• Fat 13.7g 20%
  • Saturates 0.7g 4%
  • Protein 57.2g 127%
Of an adult's reference intake

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BUYING SUSTAINABLY SOURCED FISH

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Buying sustainably sourced fish means buying fish that has been caught without endangering the levels of fish stocks and with the protection of the environment in mind. Wild fish caught in areas where stocks are plentiful are sustainably sourced, as are farmed fish that are reared on farms proven to cause no harm to surrounding seas and shores.

When buying either wild or farmed fish, ask whether it is sustainably sourced. If you're unable to obtain this information, don't be afraid to shop elsewhere – only by shopping sustainably can we be sure that the fantastic selection of fish we enjoy today will be around for future generations.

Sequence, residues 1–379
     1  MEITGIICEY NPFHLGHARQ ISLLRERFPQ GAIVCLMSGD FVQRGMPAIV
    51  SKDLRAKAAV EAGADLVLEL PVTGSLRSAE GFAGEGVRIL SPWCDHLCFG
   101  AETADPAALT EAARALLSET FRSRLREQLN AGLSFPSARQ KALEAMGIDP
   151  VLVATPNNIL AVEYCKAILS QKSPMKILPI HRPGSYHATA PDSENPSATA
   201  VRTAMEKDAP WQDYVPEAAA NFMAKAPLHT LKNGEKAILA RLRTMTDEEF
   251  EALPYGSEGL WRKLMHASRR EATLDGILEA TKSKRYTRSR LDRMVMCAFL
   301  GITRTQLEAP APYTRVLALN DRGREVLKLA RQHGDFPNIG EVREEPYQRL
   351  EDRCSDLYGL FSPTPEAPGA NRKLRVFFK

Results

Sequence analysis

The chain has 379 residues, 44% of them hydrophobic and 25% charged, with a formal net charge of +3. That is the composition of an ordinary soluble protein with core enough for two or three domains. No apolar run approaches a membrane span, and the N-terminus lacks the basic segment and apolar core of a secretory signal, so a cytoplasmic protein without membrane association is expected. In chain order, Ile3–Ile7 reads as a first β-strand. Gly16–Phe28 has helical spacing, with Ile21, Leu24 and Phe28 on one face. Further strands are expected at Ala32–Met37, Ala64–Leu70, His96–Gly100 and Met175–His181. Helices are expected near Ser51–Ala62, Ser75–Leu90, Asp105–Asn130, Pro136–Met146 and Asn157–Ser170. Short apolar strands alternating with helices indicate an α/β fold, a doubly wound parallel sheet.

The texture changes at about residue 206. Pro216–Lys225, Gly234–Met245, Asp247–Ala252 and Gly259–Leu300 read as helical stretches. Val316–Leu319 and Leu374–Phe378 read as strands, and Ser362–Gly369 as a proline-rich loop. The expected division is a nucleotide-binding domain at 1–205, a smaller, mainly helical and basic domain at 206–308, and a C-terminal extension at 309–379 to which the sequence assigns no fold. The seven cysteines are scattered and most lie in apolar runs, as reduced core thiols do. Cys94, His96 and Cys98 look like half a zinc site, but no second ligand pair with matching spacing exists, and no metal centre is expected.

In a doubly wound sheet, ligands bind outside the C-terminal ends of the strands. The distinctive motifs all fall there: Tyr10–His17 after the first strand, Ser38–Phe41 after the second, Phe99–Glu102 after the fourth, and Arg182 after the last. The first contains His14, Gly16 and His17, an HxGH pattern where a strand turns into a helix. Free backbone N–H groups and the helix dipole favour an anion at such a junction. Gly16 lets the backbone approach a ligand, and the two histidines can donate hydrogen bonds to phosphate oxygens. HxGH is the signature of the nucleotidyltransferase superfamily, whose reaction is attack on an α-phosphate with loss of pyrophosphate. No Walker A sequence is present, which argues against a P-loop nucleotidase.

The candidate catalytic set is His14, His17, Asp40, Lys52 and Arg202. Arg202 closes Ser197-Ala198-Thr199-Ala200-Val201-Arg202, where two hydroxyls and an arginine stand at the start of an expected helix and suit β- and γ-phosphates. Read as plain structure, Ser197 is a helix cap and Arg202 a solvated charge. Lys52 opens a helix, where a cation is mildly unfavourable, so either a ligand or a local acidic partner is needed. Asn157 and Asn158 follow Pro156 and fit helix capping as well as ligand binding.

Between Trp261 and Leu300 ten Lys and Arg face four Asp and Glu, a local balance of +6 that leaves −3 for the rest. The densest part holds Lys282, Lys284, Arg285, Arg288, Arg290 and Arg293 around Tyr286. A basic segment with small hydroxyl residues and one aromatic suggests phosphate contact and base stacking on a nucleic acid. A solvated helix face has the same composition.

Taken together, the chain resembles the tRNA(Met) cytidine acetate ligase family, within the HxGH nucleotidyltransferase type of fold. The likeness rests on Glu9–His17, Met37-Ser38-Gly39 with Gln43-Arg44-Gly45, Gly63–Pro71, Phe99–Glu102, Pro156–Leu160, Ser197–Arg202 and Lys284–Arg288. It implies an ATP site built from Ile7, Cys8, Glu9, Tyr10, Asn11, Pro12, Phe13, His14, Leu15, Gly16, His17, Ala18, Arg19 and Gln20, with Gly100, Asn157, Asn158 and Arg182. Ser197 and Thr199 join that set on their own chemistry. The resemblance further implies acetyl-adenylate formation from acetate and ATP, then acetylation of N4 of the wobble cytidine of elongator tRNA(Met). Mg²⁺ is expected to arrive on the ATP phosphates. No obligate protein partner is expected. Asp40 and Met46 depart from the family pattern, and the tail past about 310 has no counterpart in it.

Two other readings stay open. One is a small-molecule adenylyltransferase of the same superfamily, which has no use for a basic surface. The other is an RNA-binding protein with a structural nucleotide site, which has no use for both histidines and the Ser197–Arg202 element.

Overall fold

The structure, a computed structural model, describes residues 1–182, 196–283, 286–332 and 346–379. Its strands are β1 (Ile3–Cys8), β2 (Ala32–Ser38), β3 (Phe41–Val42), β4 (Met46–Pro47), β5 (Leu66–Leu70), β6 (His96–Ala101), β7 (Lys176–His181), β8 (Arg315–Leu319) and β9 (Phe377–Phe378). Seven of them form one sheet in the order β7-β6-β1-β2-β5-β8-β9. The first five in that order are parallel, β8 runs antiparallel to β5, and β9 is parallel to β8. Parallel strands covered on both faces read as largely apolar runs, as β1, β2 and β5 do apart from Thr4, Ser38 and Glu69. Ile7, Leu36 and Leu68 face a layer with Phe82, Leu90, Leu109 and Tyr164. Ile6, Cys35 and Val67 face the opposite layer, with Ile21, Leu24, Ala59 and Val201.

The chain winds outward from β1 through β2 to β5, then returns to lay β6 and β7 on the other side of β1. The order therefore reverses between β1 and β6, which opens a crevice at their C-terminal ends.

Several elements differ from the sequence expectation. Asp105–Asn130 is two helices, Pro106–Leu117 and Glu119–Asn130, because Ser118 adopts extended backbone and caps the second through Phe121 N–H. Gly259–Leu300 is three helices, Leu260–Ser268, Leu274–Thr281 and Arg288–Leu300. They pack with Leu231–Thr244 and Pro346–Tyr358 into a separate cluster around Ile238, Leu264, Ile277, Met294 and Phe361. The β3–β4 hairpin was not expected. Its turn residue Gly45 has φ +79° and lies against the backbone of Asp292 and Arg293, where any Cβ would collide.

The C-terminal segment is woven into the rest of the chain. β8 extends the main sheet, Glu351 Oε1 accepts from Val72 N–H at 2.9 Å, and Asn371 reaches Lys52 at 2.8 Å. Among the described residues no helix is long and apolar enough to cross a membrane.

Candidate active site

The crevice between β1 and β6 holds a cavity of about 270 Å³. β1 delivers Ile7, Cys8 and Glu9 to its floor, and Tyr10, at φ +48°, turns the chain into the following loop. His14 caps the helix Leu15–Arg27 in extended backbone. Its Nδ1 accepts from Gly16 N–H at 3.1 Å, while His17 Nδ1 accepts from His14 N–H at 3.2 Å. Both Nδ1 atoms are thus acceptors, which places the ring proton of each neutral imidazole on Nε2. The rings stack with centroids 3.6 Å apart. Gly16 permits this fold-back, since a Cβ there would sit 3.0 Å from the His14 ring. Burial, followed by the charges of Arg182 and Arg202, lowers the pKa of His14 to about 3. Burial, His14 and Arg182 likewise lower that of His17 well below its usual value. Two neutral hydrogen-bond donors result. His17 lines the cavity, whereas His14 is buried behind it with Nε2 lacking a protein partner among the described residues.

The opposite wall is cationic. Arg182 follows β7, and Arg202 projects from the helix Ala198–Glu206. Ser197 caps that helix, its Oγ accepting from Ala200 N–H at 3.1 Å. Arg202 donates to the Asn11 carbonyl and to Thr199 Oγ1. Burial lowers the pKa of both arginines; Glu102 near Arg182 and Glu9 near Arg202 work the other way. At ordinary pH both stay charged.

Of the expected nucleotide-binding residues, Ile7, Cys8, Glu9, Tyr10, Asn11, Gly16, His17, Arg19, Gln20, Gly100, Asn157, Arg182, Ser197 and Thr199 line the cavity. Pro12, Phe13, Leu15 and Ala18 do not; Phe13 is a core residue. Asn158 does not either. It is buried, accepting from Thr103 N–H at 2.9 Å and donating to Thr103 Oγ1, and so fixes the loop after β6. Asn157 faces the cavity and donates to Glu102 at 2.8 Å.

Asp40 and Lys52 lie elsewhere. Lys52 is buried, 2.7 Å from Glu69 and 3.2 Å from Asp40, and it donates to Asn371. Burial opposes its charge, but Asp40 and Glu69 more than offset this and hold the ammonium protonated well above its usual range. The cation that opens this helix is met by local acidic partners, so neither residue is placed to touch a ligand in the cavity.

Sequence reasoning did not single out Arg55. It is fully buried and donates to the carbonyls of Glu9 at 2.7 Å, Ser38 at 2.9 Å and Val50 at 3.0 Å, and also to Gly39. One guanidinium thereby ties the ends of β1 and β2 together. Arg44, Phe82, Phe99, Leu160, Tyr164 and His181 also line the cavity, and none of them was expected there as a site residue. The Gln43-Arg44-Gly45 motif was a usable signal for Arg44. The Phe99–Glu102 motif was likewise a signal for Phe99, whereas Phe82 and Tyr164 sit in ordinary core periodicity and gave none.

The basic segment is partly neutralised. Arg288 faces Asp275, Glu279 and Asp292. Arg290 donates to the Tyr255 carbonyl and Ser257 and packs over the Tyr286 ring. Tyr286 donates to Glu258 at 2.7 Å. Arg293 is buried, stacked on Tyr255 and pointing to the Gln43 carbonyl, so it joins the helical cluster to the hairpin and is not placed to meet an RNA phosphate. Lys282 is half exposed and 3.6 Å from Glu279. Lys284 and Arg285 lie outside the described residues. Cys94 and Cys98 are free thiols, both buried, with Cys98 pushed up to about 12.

For further information about sustainably sourced fish, please refer to the useful links below:

Marine Stewardship Council
http://www.msc.org/

Fish Online
http://www.fishonline.org

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  • 4 whole sustainably sourced sea bream , or red mullet, gutted and scaled

  • 2 limes, cut into wedges, to serve

  • For the jerk marinade

  • 1 tbsp allspice berries

  • 1 tbsp black peppercorns

  • 2 bay leaves

  • 1 large pinch of ground cloves

  • ½ tbsp muscovado sugar

  • 2 tbsp thyme, picked and chopped

  • a few sprigs of fresh coriander, chopped

  • 2 Scotch bonnet chillies, finely chopped

  • 2 cloves of garlic, finely chopped

  • 3cm piece of fresh ginger, peeled and finely chopped

  • 2 spring onions, finely sliced

  • zest of 1 lime

  • olive oil

  • 2 tbsp golden rum, optional

  • For the corn salsa

  • 3 corn on the cob, fresh

  • 1 mango, ripe, peeled and chopped

  • 4 spring onions, finely sliced

  • ½ bunch fresh coriander, chopped

  • 2 tomatoes, chopped

  • zest and juice of 2 limes